1. Stirring vs. Shaking

Now that the ingredients are assembled, you may be wondering whether to stir or shake them. While personal preference has many places in mixology, for this manhattan, the answer is unambiguous: stir. The reason is pretty simple: shaking introduces air into the liquid and breaks up the ice into fine crystals making the drink opaque and giving it a frothy texture. Stirring takes longer, about 30-50 seconds depending on technique, but it doesn’t introduce air, keeping your drink clear and silky.

A rule of thumb is if you have clear ingredients, you should stir to keep it clear. This is (partly) why every bartender in the world will judge you when you ask for your martini “shaken, not stirred”, and will dread rewarding your pitiful Bond impression with a sub-par drink. On the other hand, if you want to drink a cold and frothy combination of lemon juice, honey syrup, and scotch then shake it. Don’t trust me? Try it yourself. Try making two manhattans – shake one and stir the other, and then place them side by side. Besides the stirred beverage looking crystal clear and beautiful, you’ll notice that it will also just go down smoother, and you’ll never want to shake a manhattan again.

shaken stirred manhattan comparison (c) Ben Marcus
Notice the difference between a stirred manhattan (left) and a shaken manhattan (right).
  1. Express the Citrus
squeezing orange peel oil manhattan drink alcohol cocktail (c) Ben Marcus
Expressing an orange peel over a manhattan

Many recipes out there include an instruction like “serve with a lemon peel,” and in the case of our beloved manhattan (which is almost complete) it goes great with an orange peel. The single most important thing you can do with these peels is “express” them over the beverage. This is just a simple act of twisting them (or pinching them) over the top of completed beverage and running it around the rim of the glass afterwards.

Honestly, it doesn’t matter if you toss it in the drink after or throw it in the trash, it’s done its job. The flavor we’re after is in the oils that sit in the pores of the orange peel, which are the compounds responsible for an orange’s smell. These oils are volatile, meaning they partially evaporate into the air, where they can drift into our nose and cause us to think “that smells like an orange”. Without expressing the peel, those oils remain trapped in the peel and can’t give your manhattan the same fantastic finish. Do yourself a favor and watch as you squeeze the peel over the top of the liquid, you’ll see all those little pores pop and you can watch the orange oils float aimlessly across the drink.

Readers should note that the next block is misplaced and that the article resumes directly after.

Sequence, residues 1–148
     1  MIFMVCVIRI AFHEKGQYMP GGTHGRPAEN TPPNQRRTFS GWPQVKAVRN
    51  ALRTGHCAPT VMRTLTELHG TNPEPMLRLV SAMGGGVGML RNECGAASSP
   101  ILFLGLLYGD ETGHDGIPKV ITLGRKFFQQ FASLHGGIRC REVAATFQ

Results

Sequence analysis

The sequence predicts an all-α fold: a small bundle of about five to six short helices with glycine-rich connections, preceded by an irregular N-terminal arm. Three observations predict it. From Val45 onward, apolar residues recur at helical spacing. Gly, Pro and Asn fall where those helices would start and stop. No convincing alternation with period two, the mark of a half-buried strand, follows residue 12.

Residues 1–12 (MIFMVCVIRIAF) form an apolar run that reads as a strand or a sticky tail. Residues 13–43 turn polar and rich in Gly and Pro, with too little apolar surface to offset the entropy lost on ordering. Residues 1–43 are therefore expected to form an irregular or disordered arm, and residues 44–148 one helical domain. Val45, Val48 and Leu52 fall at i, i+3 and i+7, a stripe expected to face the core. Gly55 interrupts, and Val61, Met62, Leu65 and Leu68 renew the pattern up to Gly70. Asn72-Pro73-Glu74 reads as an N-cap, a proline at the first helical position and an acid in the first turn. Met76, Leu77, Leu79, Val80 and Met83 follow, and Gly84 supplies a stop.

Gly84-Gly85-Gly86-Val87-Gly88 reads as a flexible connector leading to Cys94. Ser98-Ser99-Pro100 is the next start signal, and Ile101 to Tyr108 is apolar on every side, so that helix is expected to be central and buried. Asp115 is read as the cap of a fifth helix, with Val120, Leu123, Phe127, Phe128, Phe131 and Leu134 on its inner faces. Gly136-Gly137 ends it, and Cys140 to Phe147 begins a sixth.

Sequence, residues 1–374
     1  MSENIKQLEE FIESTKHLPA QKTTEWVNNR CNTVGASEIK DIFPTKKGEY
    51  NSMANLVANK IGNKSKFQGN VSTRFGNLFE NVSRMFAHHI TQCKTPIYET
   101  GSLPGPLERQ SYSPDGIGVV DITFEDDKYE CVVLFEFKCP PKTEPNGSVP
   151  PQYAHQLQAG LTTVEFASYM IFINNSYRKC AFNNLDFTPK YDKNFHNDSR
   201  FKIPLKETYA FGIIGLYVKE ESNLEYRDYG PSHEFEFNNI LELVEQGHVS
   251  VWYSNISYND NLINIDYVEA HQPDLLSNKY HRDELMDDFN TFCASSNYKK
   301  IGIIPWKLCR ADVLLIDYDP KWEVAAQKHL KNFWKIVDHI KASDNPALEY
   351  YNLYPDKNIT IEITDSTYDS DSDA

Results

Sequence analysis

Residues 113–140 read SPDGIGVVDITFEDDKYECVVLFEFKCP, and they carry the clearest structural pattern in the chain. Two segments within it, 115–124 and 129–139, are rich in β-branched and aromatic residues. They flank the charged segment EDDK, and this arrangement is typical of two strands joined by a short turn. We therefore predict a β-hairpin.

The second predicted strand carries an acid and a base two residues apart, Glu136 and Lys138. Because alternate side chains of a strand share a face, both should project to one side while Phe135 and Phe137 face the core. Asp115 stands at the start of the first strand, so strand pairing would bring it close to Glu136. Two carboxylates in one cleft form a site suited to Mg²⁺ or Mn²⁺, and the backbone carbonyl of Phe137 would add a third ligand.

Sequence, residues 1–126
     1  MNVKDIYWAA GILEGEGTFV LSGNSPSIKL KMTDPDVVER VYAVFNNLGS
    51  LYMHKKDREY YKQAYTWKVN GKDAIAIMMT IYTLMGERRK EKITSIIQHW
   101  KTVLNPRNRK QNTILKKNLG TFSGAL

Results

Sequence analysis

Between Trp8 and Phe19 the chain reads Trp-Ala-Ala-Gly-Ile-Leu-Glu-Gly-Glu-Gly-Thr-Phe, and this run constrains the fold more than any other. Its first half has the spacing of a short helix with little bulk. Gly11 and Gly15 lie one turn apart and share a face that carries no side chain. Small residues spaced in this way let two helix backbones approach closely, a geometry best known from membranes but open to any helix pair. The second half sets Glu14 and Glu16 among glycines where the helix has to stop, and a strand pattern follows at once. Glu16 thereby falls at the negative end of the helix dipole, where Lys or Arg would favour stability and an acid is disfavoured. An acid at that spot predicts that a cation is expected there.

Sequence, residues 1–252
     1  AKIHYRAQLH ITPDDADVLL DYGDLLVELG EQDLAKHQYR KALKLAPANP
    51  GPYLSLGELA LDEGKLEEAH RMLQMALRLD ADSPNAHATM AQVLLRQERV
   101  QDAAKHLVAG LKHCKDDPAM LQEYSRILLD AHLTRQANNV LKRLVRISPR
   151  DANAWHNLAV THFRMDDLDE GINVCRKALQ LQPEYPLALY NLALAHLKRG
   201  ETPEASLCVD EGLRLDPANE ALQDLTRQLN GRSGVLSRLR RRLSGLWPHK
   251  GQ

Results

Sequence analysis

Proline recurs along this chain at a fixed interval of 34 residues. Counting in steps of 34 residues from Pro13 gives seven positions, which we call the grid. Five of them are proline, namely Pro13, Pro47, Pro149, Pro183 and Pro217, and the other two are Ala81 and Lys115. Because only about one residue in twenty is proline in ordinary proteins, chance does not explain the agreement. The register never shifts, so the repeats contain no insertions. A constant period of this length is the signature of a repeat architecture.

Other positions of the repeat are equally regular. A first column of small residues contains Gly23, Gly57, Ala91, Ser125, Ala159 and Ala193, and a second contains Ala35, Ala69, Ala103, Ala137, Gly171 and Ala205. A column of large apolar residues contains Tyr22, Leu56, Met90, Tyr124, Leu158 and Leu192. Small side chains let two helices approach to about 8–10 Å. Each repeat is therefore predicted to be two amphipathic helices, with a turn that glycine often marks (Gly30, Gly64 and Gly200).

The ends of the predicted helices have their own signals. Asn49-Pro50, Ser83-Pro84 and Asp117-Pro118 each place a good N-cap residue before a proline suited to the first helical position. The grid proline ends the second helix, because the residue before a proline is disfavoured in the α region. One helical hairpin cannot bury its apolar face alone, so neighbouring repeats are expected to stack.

manhattan drink cocktail ingredients rum whiskey bitters (c) Ben Marcus
The finished product

Finally, with all these tips in mind, you should be able to stir up a very respectable and Instagram-worthy manhattan. I like to stir mine for a very long time to cool and dilute it (it’s a strong drink to begin with), then strain it into a coupe glass (pictured) before expressing an orange peel over the top and throwing it in. But this is your drink! If you want it stronger, don’t stir as long, and if you have a affinity for grapefruits, use a peel from that instead of an orange. Either way, just make sure it’s engineered to be optimized for your taste.

Stay tuned for more advanced tips that allow more experimentation and creativity when mixing up drinks. Also, shoutouts to Dave Arnold, author of Liquid Intelligence and proprietor of Existing Conditions in NYC, for offering clarity to me around these concepts.

Bonus: Substitute Blue Curaçao 

Some people are pretentious about blue drinks. I don’t care one way or the other, but nevertheless, my family makes “blue whales” every 4th of July, which, as the name implies, are blue. But here’s a secret: when or if you buy blue Curaçao, the manufacturer is selling you triple sec with blue food dye. That’s fine if you want blue color for your drink, but the triple sec they use is almost always awful. Do yourself a favor and just pick up some triple sec that doesn’t taste like gasoline mixed with hi-c. Cointreau is the gold standard (I also mean that literally – it sets the price bar high as well), but even mid-range bottles will be an improvement. Since you probably still want that blue color, add food coloring yourself, and you’ll now have a delicious blue Curaçao.

Dan fills his days pursuing a Ph.D. in Neurobiology at the University of Chicago, and by night he conducts experiments with different drink recipes and techniques. For that, his wife and friends are sometimes thankful.